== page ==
Now, if we've ever chatted about social media before, then you know how I wish the whole world used only instagram and that everyone was required to post twice a day... and every month, at least 3 of your posts would need to be unfiltered and real (like your kids crying or your burnt toast all scraped off because it was the last piece of bread and you didn't pick up the groceries yet). I love Instagram. My feed consists of tattoo artists, crazy hair, National Geographic and shark pictures, some celebrities, my friends, and perhaps most importantly, local mamas who reach out to other mamas in a variety of different ways.
If you're new to the Edmonton area, if you're a new parent, or if you just want some cool, inspiring, interesting new people to follow, then this is the post for you!
@edmontonmama – Lori used to be Frugal Edmonton Mama... she would clip coupons and search for deals and share her knowledge with the world. If you head over to her page (Facebook, instagram, and website), you'll see that she's not about that anymore. She's about adventure and experiences, not “stuff”. I love this. Also, her instagram stories help us all feel normal with regards to parenting... meltdowns in the car, ordering from Skip the Dishes... again, being awake at 4am with a little one who just decided to be awake.
@raisingedmonton – This is my go-to for finding out about different playgrounds, things going on around the city, new restaurants to take kids to, weekend adventure ideas, etc. Right now, these guys are posting videos of different playgrounds in and around Edmonton... such a cool idea!
@albertamamas – Alberta Mamas has just recently been launched and it is a group of local ladies who have gotten together to share their experiences and ideas for travelling... with kiddos! Great blogs so far and I'm so excited for more from these lovelies.
@edmontonschild – This is a very well know magazine that is published a few times a year but their website is always up to date with the kid-friendly goings on in Edmonton. Again, Instagram love for this one... memes and local event information.
@deanneferguson – Miss Deanne is responsible for all of those fun things you see happening in malls and sometimes at the Callingwood Farmers Market... Box Social Events are monthly pop-up activities for kids and families (and sometimes even just mamas). Her instagram profile has a link to the Box Social website where you'll find a calendar of all of her events. So fun! She also posts photos for “cocktail Monday” with her hubby and their creations always look super tasty.
@bitchinhousewife – Yoga instructor, kambutcha-makin', healthy eating mama. Jen is all kinds of inspiring and uplifting. She has made me want to eat (and even sometimes drink) green things. Now that is powerful.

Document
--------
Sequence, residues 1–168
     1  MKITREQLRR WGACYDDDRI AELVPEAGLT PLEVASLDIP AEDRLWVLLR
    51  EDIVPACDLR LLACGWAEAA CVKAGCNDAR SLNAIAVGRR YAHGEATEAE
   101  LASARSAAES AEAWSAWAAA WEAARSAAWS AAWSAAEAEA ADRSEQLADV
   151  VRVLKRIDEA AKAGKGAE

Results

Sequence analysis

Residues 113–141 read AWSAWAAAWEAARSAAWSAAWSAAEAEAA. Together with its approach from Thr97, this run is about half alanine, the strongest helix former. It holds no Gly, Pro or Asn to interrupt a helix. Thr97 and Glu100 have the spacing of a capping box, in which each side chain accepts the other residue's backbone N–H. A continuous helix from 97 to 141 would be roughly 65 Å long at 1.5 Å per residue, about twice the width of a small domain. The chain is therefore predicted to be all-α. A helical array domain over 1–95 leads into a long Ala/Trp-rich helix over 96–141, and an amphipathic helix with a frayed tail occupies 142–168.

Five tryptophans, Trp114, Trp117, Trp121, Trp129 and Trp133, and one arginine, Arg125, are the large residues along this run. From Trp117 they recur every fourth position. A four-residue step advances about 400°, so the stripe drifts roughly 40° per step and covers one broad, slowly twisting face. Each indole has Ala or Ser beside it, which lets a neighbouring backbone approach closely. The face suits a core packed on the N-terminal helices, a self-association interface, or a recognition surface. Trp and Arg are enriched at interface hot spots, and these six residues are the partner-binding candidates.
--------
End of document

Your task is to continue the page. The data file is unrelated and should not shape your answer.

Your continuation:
Most of these I've listed are also on Facebook under the same names... some you may need to do a google search for their websites. Like I've said, big fan of Instagram so that's always my go-to, but Facebook is great for letting me know when there are new blog posts and such.
How did anyone ever know what to do before the internet?!?!
Massage will empower the connection you already have with your baby.
TOUCH – this is the simplest form of communication. "Massaging your baby communicates love, releases tension and helps you better understand your baby’s needs,” Vimala McClure, Infant Massage
The first communication a baby receives and the first language of its development, is through the skin.
How does it work? What happens when you massage a baby?
Massage involves 2 types of responses:
Mechanical response – the result of pressure and movement as soft tissues are manipulated
Reflex response – occurs when the nerves respond to stimulation
There are 4 main categories massage effects on the human body – in this case for infants:
Stimulation, Relief, Interaction and Development, and Relaxation
Nervous System and Brain Development – The sensory stimulation of massage may speed up the rate of myelination of the brain and nervous system. This process is incomplete at birth. Skin stimulation (massage) can speed this up “enhancing rapid neural-cell firing” thereby improving brain/body communication (McClure).
Immune System – massage stimulates nerves in the brain that facilitate nutrient absorption and lower stress hormones. This results in improved immune system functioning.
Respiration – The rate of breathing can be regulated or enhanced with massage. This happens as the massage calms and relaxes the baby and the surrounding musculature. The parasympathetic nervous system is stimulated to respond and release calming hormones, such as oxytocin and dopamine, into the blood.
Circulation – Massage moves things including blood and lymph. Certain strokes can warm up the feet and increase overall circulation, which leads to a better functioning immune system. It can decrease blood pressure due to the dilatation of capillaries and decrease heart rate simply due to relaxation.
Digestion and Excretion – Specific strokes can create movement in the large intestine by increasing peristalsis. Massage will help the baby to relax and experience a decrease in pain, all of which, allow for more effective digestion.
regular massage can help to relieve pain or discomfort from:
o Emotional stress
INTERACTION AND DEVELOPMENT